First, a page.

Parents kept unaware of child porn investigation

SAN JOSE, Calif.

Fifty-year-old Johnny Urias was arrested Wednesday at his San Jose residence, on suspicion of possessing and manufacturing child pornography. He was suspended from his job as a third-grade teacher at Will Rogers last September when police in Milpitas, where he used to live, collected evidence and sent it to a forensic lab.

"We got the results a couple of weeks ago here in May, at which point there was enough evidence to make an arrest," Officer Trish Young-Orth said. San Jose police then interviewed 30 students and they plan to talk to more, but parents were not notified beforehand. "What upsets me is our kids are getting pulled out of the classroom, getting interviewed by detectives and as a parent, I feel I have a legal right to know what's going on with my child," parent Alberto Rodriguez told ABC7 News.

The Alum Rock District sent a letter home Thursday saying San Jose police directed them not to tell parents. "The district was asked not to release the fact that officers would be at Will Rogers Elementary School this week until after all interviews had been conducted," Superintendent Jose Manzo said.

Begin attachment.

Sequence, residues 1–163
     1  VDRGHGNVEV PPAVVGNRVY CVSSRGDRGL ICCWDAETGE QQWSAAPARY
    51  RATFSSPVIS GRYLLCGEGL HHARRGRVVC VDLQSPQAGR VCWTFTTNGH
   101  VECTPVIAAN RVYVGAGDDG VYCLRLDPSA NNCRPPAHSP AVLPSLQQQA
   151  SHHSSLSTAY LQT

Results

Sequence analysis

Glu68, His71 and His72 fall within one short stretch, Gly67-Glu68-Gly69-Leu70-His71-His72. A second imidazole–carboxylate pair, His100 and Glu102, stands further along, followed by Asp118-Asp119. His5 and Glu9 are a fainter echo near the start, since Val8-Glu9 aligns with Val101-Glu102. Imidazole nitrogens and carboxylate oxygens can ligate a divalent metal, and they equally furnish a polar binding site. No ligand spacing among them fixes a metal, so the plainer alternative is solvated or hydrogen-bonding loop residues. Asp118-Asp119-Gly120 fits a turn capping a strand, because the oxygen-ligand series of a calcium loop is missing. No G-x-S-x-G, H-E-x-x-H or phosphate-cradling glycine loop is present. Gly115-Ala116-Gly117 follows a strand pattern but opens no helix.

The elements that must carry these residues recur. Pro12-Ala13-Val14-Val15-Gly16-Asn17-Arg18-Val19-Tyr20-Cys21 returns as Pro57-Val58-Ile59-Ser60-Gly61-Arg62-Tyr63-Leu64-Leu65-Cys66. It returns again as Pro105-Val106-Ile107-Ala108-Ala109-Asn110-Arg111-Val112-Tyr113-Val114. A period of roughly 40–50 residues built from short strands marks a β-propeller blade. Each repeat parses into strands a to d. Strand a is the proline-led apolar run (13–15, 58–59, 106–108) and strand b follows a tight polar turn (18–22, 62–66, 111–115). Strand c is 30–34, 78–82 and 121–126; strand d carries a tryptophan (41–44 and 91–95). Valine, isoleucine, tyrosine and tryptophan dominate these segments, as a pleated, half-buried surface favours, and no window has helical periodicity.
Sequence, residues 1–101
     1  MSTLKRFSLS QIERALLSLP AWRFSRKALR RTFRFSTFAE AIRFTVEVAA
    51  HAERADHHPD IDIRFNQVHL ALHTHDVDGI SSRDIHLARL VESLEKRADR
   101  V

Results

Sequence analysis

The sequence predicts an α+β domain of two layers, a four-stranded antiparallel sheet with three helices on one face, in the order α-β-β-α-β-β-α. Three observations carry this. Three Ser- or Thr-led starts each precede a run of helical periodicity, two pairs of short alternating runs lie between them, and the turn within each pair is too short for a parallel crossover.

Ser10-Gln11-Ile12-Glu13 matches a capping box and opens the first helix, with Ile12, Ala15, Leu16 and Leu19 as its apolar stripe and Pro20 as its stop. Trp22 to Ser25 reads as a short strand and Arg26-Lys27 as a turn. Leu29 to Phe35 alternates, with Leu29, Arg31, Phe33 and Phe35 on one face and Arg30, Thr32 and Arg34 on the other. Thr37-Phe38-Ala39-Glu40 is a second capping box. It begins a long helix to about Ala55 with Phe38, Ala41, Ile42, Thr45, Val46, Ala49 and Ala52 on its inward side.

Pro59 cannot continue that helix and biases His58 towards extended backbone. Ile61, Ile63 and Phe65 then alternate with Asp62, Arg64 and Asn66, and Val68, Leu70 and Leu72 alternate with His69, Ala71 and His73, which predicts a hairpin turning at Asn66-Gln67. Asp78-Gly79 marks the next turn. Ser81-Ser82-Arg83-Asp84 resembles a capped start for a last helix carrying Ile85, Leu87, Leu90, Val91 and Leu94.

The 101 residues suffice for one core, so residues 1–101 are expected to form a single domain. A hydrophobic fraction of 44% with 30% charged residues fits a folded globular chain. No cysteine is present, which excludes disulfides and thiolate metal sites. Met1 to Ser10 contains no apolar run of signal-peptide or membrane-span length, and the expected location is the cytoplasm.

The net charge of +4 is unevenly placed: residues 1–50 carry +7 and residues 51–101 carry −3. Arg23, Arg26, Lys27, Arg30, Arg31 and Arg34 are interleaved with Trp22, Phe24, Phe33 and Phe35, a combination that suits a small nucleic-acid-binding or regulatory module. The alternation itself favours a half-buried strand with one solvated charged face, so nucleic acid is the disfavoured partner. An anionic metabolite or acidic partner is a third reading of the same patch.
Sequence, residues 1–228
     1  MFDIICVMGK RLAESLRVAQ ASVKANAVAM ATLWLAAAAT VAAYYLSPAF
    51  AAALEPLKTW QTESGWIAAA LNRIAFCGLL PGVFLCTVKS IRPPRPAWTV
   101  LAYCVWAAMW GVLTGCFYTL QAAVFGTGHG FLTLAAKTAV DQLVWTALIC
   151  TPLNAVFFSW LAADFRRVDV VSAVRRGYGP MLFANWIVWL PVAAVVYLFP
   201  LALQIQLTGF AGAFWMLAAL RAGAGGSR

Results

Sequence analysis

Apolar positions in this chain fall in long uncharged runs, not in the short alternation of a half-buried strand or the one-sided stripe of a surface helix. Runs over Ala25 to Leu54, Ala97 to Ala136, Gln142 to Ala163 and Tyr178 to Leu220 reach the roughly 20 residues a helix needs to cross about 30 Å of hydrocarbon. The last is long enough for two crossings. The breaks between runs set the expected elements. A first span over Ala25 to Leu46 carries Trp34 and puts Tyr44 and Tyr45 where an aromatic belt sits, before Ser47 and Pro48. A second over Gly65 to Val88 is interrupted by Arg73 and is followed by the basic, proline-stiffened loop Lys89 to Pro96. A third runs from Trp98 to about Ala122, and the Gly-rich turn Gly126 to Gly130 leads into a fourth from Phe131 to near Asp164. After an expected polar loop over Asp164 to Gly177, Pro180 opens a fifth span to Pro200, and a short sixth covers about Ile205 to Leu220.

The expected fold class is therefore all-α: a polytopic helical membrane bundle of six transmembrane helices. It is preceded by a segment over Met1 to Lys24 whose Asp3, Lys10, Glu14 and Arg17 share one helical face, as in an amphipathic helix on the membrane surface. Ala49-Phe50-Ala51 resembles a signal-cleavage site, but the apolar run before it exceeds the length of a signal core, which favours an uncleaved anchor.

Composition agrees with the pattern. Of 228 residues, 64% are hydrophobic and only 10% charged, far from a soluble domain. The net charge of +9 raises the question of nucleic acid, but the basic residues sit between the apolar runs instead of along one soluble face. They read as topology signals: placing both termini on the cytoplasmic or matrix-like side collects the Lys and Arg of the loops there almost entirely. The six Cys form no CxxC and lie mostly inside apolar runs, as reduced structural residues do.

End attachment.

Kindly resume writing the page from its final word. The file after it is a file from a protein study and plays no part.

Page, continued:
"Why weren't we notified? I should have been notified, as a parent. Even a criminal has a right to have someone with them when they're getting interviewed by police. Why didn't my daughter?" parent Patricia Flores asks.

The San Jose Unified School District confirms that it is perfectly legal for police to interview students without notifying parents if police believe that might jeopardize the case. "If there's any type of suspected child abuse or sexual abuse going on at home, then we do have to get parental consent to interview the students, but this is not that case," Sgt. Jason Dwyer explained.

Urias could be arraigned Friday.

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